Project Tundra Improving the Front Suspension with Camburg and Coach Builder Part 2

In the last edition of Project Tundra, we talked about our Icon Vehicle Dynamics Suspension and how it allowed us to go a lot faster in the dirt, so much faster that we got in trouble and bent some stuff in the front end of our truck.  Now we are addressing the weak points of our front suspension so this won’t happen again.  There is nothing like breaking your truck in the middle of nowhere far from where AAA can come to get you to convince you that you need to build your truck strong here!  We are going to fix one of the weakest areas of the Tundra’s front suspension, the Front knuckles with some heavy-duty parts from Camburg Engineering and beef up our outer tie rods, and reduce bump steer with some heavy-duty items from Coach Builders.

On a Tundra, the front knuckle is long and spindly, it looks like something that should be found on a car, not a heavy-duty 4×4 truck.   We have had several friends break their knuckles right where the knuckle bends where the ball joint for the upper control arm goes in.   You can see that the sharp machined edge of the knuckle in this area is a perfect stress riser for a crack to start.  When our friends broke way off-road, they had to hitch a ride out, get new parts, have a buddy drive them in, and fix their trucks on the side of the trail.  Not fun, especially with a major job like changing a knuckle. One friend had to take a week off of work to get it done.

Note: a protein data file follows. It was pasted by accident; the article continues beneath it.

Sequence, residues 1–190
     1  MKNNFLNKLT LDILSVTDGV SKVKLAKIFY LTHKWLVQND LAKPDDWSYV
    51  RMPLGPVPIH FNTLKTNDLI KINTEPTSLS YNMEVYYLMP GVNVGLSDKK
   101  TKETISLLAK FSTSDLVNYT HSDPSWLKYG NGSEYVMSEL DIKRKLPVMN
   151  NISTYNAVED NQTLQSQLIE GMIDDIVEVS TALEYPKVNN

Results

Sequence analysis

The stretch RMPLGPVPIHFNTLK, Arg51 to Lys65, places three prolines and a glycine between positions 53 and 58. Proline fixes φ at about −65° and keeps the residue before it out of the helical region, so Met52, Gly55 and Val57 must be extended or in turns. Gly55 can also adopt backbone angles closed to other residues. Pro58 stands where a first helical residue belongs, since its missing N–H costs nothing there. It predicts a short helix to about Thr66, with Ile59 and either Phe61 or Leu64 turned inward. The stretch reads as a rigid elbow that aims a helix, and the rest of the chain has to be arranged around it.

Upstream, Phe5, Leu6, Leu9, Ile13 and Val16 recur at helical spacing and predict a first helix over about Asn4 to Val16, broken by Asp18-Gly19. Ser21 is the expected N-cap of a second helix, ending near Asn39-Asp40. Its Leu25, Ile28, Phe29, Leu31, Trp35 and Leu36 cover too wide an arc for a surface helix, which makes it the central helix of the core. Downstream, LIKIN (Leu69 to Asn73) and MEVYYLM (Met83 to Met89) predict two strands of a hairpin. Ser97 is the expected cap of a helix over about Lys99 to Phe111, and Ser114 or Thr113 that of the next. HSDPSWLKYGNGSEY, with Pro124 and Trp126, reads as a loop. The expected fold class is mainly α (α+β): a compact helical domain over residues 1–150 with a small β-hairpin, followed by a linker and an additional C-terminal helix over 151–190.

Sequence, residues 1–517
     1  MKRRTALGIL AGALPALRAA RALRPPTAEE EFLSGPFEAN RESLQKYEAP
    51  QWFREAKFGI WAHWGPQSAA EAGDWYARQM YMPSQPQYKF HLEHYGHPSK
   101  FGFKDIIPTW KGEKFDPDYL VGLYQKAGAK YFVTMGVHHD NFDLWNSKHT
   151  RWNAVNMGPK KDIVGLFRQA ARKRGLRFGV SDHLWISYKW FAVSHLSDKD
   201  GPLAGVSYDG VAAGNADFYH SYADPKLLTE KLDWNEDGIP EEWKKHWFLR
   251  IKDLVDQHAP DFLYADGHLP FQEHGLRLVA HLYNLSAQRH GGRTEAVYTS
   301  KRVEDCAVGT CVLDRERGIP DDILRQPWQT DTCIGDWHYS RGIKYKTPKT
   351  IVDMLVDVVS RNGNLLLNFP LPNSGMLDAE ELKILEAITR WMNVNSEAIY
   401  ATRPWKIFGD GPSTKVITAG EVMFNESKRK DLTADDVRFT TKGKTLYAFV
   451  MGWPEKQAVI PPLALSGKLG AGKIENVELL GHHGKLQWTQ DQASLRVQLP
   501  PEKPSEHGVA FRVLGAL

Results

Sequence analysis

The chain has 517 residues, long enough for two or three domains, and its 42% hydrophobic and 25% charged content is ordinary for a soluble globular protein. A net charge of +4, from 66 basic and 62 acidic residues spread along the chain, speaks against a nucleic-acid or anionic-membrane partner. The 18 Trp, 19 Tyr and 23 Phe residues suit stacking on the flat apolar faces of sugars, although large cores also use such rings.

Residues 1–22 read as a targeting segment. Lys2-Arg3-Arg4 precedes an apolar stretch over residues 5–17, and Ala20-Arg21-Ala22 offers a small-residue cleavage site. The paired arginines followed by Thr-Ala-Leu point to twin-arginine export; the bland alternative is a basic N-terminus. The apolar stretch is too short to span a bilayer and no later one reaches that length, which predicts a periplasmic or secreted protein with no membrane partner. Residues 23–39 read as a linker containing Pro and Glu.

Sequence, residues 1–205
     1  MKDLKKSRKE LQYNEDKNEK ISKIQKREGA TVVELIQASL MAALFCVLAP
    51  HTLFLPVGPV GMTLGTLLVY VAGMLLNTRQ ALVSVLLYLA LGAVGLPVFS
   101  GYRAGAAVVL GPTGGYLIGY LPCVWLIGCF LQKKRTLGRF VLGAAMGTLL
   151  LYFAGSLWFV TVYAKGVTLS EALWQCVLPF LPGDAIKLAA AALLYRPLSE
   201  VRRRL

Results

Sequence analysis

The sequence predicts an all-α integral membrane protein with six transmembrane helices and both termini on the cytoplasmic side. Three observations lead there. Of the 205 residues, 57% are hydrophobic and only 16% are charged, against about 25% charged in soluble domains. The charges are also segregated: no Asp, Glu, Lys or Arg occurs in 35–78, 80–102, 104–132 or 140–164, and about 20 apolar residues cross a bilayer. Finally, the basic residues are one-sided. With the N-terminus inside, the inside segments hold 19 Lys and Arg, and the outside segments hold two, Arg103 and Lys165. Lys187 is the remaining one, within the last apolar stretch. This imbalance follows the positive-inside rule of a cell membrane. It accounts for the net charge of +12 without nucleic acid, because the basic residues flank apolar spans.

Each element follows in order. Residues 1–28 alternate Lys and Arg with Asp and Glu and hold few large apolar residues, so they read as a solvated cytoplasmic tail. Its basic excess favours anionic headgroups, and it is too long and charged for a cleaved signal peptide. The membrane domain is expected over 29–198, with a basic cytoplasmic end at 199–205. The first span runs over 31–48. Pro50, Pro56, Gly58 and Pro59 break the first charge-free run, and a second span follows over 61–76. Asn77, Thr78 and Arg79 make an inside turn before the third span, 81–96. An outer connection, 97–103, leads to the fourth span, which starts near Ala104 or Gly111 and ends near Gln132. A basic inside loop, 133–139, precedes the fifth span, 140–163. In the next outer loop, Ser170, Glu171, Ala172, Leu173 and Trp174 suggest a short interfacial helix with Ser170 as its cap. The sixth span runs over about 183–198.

To make sure this would never happen to us, we got heavy-duty knuckles from Camburg Engineering.  The Camburg knuckles are fabricated out of 4130 chrome-moly plate and are much stronger than stock.  You can see how Camburg boxes in the weak area of the Toyota knuckle. This is not going to break and if you manage to do it, other major parts of your truck are going to be broken too and the knuckle will probably be the least of your problems!

Another weak area of the stock knuckles is the steering arms.  The Camburg units are totally reinforced and triangulated, there is no way you are going to bend these unless you destroy the whole truck!

2 comments

Leave a Reply

Your email address will not be published.

*
*